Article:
For more horticulture and gardening courses, you could also look at the Royal Horticultural Society's approved qualifications and work-based learning.
If you're interested in landscape gardening, you might want to look at garden design courses such as this Diploma from the London College of Garden Design.
Another way to develop your skills could be through an apprenticeship.
The tools you’ll need will depend on the services you’re offering, but here are the basics to get you started:
Landscaping tools for jobs like grouting, tiling, and laying turf will come in handy if that's a service you offer.
As you'll be out in all weathers, you'll need a pair of good boots, micro fleeces, and waterproof jackets and trousers. You might also need compost, lawn care products and plants if you offer landscaping services.
Larger equipment such as lawn mowers and hedge trimmers can be hired if you’re just starting out. Whether you're hiring tools or have your own, make sure you have tool insurance to protect you if your tools are lost or stolen. Most importantly, you’ll need a van to transport all of your equipment between clients.
In the UK, a professional gardener typically earns between £16,000 to £25,000 a year (according to the National Careers Service).
Being self-employed means you can set your rates and charge more as you build up experience and loyal clients. You'll usually charge by the day or by the hour, and where you live will also have an impact on how much you can make.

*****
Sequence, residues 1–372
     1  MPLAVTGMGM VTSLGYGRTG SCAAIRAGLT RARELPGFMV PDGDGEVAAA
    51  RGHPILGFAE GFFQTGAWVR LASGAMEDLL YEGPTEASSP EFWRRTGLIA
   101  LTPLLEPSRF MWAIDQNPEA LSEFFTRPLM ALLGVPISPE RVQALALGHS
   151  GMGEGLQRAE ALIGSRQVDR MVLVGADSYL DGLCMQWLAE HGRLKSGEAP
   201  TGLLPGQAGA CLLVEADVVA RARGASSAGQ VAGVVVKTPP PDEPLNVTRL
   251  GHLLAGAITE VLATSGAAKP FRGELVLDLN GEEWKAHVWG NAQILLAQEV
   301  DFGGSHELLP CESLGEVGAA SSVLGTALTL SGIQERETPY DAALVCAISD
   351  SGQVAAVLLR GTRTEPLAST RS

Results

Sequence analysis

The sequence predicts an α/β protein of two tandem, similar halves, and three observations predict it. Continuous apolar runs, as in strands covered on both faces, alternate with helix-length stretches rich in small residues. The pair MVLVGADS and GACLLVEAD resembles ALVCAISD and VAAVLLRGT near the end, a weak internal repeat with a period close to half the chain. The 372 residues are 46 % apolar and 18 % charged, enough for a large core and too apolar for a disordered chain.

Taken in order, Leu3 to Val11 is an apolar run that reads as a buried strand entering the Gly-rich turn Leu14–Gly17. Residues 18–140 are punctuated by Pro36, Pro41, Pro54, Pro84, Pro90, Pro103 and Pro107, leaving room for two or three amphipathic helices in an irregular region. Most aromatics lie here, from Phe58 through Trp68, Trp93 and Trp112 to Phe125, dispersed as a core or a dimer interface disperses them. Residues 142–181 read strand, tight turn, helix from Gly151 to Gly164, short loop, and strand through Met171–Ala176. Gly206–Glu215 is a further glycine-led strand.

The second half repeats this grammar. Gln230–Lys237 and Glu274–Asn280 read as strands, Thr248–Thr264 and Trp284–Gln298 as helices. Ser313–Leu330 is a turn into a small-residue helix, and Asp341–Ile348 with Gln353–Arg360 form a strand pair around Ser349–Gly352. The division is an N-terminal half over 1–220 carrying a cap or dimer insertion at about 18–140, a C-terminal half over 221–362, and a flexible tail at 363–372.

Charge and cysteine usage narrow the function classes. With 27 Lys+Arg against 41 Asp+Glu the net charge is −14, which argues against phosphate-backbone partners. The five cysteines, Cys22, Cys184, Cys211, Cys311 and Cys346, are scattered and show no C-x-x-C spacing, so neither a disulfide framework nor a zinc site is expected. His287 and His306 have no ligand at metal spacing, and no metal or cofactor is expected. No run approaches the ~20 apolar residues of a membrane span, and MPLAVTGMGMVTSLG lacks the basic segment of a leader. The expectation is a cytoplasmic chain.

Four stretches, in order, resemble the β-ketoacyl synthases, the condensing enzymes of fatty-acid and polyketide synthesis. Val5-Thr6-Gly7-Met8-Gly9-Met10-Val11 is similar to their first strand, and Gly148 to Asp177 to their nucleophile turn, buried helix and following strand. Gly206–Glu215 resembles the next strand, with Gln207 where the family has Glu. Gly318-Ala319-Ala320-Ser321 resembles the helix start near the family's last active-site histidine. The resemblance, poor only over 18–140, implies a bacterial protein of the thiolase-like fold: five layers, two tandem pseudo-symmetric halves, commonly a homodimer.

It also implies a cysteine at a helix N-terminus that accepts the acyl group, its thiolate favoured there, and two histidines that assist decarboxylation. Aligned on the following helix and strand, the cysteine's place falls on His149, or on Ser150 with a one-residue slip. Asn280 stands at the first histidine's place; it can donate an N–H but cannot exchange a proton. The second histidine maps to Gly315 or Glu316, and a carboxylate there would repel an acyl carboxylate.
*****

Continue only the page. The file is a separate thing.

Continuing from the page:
You're not going to see instant success with any business. So take the time to lay the foundations of your gardening venture, from market research to branding. You'll then be ready to start building (and nurturing) your clients over the coming months and years.
Do you have any unanswered questions about how to set up a gardening business? Let us know in the comments.
Catriona Smith is a content and marketing professional with 12 years’ experience across the financial services, higher education, and insurance sectors. She’s also a trained NCTJ Gold Standard journalist. As a Senior Copywriter at Simply Business, Catriona has in-depth knowledge of small business concerns and specialises in tax, marketing, and business operations. Catriona lives in the seaside city of Brighton where she’s also a freelance yoga teacher.